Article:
Three Monkeys Online

A Curious, Alternative Magazine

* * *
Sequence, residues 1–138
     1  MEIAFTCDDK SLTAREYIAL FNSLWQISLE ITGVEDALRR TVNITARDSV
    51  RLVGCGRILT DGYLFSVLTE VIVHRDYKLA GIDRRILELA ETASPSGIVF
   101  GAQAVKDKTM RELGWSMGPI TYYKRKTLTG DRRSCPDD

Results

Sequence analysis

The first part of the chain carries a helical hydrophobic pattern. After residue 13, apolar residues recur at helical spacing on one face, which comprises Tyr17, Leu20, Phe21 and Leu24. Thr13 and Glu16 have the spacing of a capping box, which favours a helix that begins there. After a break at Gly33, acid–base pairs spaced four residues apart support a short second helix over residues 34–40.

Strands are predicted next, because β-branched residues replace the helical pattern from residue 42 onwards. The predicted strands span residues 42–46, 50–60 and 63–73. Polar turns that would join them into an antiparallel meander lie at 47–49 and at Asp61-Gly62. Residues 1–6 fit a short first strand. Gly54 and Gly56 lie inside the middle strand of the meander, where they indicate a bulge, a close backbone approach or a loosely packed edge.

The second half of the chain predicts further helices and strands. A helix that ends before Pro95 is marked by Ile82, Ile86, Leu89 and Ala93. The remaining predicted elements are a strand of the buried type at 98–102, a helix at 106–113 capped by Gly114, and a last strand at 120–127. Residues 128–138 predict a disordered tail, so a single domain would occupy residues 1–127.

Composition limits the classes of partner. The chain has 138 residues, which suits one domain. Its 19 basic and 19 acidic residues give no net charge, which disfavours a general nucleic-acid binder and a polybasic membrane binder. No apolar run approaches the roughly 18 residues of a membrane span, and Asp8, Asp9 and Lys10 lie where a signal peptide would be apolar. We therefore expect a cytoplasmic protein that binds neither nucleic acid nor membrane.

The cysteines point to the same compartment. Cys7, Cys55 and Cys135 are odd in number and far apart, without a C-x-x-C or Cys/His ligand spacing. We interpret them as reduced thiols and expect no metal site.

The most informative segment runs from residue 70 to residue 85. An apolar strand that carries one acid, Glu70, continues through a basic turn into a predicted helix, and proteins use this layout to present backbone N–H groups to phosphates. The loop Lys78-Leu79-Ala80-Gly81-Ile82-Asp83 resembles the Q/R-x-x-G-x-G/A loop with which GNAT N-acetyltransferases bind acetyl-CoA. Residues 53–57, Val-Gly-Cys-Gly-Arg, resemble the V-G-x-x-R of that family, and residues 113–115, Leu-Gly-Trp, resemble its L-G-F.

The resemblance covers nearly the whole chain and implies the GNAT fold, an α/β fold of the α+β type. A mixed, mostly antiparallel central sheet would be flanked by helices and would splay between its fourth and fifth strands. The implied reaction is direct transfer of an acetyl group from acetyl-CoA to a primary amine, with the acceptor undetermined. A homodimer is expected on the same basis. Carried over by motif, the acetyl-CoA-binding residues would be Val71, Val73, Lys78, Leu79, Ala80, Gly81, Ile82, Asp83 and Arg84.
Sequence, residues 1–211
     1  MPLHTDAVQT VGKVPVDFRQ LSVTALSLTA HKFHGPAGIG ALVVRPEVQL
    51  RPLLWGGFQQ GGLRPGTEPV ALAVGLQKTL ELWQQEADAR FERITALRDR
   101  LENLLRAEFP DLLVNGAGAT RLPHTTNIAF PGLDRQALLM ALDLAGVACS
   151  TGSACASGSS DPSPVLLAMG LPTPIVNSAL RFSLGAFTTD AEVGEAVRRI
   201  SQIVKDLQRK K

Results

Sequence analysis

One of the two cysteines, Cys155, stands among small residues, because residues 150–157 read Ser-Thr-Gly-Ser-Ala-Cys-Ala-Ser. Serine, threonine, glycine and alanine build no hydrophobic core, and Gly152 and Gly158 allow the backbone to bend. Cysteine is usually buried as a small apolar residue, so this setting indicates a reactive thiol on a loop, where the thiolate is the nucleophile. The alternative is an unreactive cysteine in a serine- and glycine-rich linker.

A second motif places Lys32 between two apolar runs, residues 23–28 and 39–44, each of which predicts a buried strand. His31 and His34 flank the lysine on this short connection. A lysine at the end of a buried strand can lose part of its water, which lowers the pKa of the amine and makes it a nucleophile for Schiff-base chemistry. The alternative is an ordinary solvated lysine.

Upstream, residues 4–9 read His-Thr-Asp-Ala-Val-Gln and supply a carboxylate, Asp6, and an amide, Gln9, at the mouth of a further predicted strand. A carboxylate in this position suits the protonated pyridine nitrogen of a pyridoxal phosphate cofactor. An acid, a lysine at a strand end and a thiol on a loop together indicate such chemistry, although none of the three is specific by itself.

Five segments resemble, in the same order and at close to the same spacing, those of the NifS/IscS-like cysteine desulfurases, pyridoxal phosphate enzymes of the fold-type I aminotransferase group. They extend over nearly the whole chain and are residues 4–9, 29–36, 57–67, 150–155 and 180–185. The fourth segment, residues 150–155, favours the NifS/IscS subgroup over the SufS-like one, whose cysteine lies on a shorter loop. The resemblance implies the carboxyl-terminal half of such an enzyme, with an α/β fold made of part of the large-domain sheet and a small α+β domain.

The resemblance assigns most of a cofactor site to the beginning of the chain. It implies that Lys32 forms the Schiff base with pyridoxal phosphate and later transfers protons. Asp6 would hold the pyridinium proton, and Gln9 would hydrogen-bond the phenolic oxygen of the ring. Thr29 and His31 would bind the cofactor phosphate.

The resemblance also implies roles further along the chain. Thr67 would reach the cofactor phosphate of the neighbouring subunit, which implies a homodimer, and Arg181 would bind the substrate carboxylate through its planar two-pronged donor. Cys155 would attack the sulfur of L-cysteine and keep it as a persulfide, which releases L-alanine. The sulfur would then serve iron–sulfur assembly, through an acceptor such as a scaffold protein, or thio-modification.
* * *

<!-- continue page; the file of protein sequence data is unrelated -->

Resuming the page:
I went up the country. It turns out that not all life in Poland revolves around pubs and discos. Out there the centre of social life is the shop — the only one for miles around — sometimes open on split shifts: 6 to 10 in the morning and 6 to 10 in the evening. On the bench outside the locals gather to drink — beer if their alcoholism is not so far advanced; otherwise fortified wine. Out there, away from the roads connecting cities, there are no cheery roadside bars serving pub grub. Nor are there little mom and pop restaurants tucked away in the oddest corners. You are more likely to find the ruins of a collectivised farm and perhaps an accompanying four-storey block of flats, incongruous in the rural surroundings. It’s not quaint. So people sit and drink outside the shop. “What do you do with yourself?” a friend asked two of them at one stopover in the scorching heat. The one who could talk said “I sleep a bit, I drink a bit.” The other felt his unshaven jaw with his invalidity pension-winning thumb-stump as if wondering who it belonged to. This is the Poland not so much left behind as ignored altogether. “What do you think of the politicians?” The depressed countryside is prime vote-harvesting land for Andrzej Lepper’s Samoobrona, the farmers’ party, target of much urban derision. “Thieves.” Even the one who couldn’t talk for fear his lower jaw might fall off if opened for any purpose other than to pour alcohol into his mouth joined in on that chorus. “And Andrzej Lepper?” “A madman.”

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